Reviewed and revised 20 September 2016


  • Pseudocoma is the term used for a patient feigning a comatose state, however it is sometimes also used for conditions like locked-in syndrome where patients may involuntarily appear unconscious but are actually self aware
  • This document focuses on how to distinguish feigned coma from true coma


The pattern of clinical findings are not consistent with a specific neurological syndrome or anatomical lesion.

  • Pupils:
    • pupils are equal and reactive to light.
    • passive eyelid opening results in pupillary constriction, whereas if the patient is sleeping or comatose (with intact pupillary reflexes) the pupils dilate on passive eyelid opening.
  • Eye movements and oculovestibular reflexes:
    • fluttering of the eyelids when the eyelashes are gently stroked
    • the patient may resist passive eye opening. Occasionally patients with metabolic or structural lesions may resist eye opening.
    • any spontaneous eye movements are saccadic (rapid and jerking) rather than slowly roving
    • the patient actually makes eye contact with the examiner when the eyelids are opened; or the eyes always look to the side away from the examiner, or the eyes always look towards the ground
    • the awake patient’s eyes move concomitantly with head rotation when assessing the oculocephalic reflex. It is nearly impossible for an awake patient to mimic the brainstem oculocephalic responses of a truly comatose patient.
    • on cold caloric testing the patient may wake up or exhibit preservation of the fast component of nystagmus.
  • Motor
    • active resistance or varying resistance to passive motor tone testing, or cog-wheeling resistance with sudden “giving-away” phenomena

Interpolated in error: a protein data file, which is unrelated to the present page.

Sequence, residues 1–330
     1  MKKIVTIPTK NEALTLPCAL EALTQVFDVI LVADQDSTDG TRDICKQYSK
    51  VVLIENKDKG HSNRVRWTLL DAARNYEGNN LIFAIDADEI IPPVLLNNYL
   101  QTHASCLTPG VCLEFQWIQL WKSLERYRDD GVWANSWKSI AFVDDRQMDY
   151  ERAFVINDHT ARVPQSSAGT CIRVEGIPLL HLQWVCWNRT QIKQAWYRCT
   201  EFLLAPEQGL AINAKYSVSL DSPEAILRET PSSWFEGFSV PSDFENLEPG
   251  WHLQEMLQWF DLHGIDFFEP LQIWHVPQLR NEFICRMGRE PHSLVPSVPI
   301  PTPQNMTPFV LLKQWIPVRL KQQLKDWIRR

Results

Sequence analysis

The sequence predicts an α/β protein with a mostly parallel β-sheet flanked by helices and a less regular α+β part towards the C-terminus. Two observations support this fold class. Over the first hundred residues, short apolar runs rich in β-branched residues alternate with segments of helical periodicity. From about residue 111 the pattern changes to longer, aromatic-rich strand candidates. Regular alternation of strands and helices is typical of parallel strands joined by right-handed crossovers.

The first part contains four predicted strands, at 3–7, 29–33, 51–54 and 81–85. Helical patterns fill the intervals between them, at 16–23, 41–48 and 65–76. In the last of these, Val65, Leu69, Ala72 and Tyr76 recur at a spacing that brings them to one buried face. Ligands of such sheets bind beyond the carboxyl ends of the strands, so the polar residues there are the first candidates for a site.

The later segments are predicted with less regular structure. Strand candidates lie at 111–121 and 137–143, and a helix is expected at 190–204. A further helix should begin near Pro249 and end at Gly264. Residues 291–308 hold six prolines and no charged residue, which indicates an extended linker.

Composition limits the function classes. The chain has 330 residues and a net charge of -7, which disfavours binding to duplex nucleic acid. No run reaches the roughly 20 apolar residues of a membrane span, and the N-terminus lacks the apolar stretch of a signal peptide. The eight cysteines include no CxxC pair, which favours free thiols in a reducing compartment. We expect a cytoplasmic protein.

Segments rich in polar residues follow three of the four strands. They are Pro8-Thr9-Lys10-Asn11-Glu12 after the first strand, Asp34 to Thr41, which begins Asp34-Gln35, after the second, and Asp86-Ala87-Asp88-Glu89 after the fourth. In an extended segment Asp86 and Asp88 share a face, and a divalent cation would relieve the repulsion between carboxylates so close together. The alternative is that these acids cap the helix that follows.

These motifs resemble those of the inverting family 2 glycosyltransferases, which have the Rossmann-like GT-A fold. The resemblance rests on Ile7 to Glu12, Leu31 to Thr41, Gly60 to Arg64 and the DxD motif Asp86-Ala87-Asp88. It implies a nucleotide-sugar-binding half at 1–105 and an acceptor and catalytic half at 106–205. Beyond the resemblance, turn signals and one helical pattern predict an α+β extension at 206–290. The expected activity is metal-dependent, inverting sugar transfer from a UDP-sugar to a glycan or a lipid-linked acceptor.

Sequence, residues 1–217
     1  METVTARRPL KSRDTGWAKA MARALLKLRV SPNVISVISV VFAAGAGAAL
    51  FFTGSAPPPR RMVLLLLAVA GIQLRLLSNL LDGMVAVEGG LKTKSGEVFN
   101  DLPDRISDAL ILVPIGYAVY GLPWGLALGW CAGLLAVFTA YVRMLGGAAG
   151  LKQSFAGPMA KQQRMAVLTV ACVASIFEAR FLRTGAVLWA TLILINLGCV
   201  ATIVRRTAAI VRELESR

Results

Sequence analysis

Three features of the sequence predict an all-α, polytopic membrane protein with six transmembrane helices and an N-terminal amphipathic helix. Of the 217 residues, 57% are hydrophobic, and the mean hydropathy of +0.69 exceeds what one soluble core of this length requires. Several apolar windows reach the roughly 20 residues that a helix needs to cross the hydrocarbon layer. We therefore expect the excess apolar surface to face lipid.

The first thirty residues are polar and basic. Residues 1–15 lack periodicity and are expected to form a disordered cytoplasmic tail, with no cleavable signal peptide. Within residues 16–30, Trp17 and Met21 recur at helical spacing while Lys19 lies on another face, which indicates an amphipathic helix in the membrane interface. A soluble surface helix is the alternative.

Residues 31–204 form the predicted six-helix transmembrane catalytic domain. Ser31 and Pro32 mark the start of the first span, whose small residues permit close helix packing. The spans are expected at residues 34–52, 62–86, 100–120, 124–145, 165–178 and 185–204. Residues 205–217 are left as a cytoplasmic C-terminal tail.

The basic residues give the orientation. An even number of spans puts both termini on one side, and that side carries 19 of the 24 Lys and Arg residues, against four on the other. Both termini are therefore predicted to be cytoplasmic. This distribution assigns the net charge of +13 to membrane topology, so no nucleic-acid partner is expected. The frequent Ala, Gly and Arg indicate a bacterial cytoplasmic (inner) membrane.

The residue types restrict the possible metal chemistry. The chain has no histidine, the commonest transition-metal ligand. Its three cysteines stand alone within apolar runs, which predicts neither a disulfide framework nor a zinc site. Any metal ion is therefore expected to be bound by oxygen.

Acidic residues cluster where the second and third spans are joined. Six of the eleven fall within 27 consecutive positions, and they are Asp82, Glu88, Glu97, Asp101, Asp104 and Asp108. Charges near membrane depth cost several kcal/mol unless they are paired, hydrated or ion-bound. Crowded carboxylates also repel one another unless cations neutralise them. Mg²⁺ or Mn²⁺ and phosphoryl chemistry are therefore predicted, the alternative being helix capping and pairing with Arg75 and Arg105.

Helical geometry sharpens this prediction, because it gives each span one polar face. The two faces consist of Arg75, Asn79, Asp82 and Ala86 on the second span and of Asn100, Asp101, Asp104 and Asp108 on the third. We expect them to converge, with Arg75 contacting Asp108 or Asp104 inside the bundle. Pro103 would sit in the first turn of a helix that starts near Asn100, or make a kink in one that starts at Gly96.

• no abnormal reflex posturing in response to painful stimuli
    • the patient may occasionally make voluntary movements or change body position in bed
    • the patient will show avoidance of ‘self injury’ — do not allow the patient to be injured!


  • Eyelid apraxia (or lid opening apraxia) is the inability to voluntarily open eyes despite intact frontalis muscle contraction and normal oculomotor function
  • Is an unusual coma mimic
  • Caused by injuries of:
    • the non-dominant hemisphere (e.g. R MCA stroke)
    • medial frontal lobe
    • bilateral thalami (e.g. bilateral thalamic stroke)
    • brainstem (e.g. progressive supranuclear palsy)
  • Suspect this condition if the patient tries to  raise their eyelids by contracting forehead muscles when asked to open eyes

References and Links

CCC 700 6

Critical Care


Chris is an Intensivist and ECMO specialist at the Alfred ICU in Melbourne. He is also a Clinical Adjunct Associate Professor at Monash University. He is a co-founder of the Australia and New Zealand Clinician Educator Network (ANZCEN) and is the Lead for the ANZCEN Clinician Educator Incubator programme. He is on the Board of Directors for the Intensive Care Foundation and is a First Part Examiner for the College of Intensive Care Medicine. He is an internationally recognised Clinician Educator with a passion for helping clinicians learn and for improving the clinical performance of individuals and collectives.

After finishing his medical degree at the University of Auckland, he continued post-graduate training in New Zealand as well as Australia’s Northern Territory, Perth and Melbourne. He has completed fellowship training in both intensive care medicine and emergency medicine, as well as post-graduate training in biochemistry, clinical toxicology, clinical epidemiology, and health professional education.

He is actively involved in in using translational simulation to improve patient care and the design of processes and systems at Alfred Health. He coordinates the Alfred ICU’s education and simulation programmes and runs the unit’s education website, INTENSIVE.  He created the ‘Critically Ill Airway’ course and teaches on numerous courses around the world. He is one of the founders of the FOAM movement (Free Open-Access Medical education) and is co-creator of litfl.com, the RAGE podcast, the Resuscitology course, and the SMACC conference.

His one great achievement is being the father of three amazing children.

On Twitter, he is @precordialthump.

| INTENSIVE | RAGE | Resuscitology | SMACC

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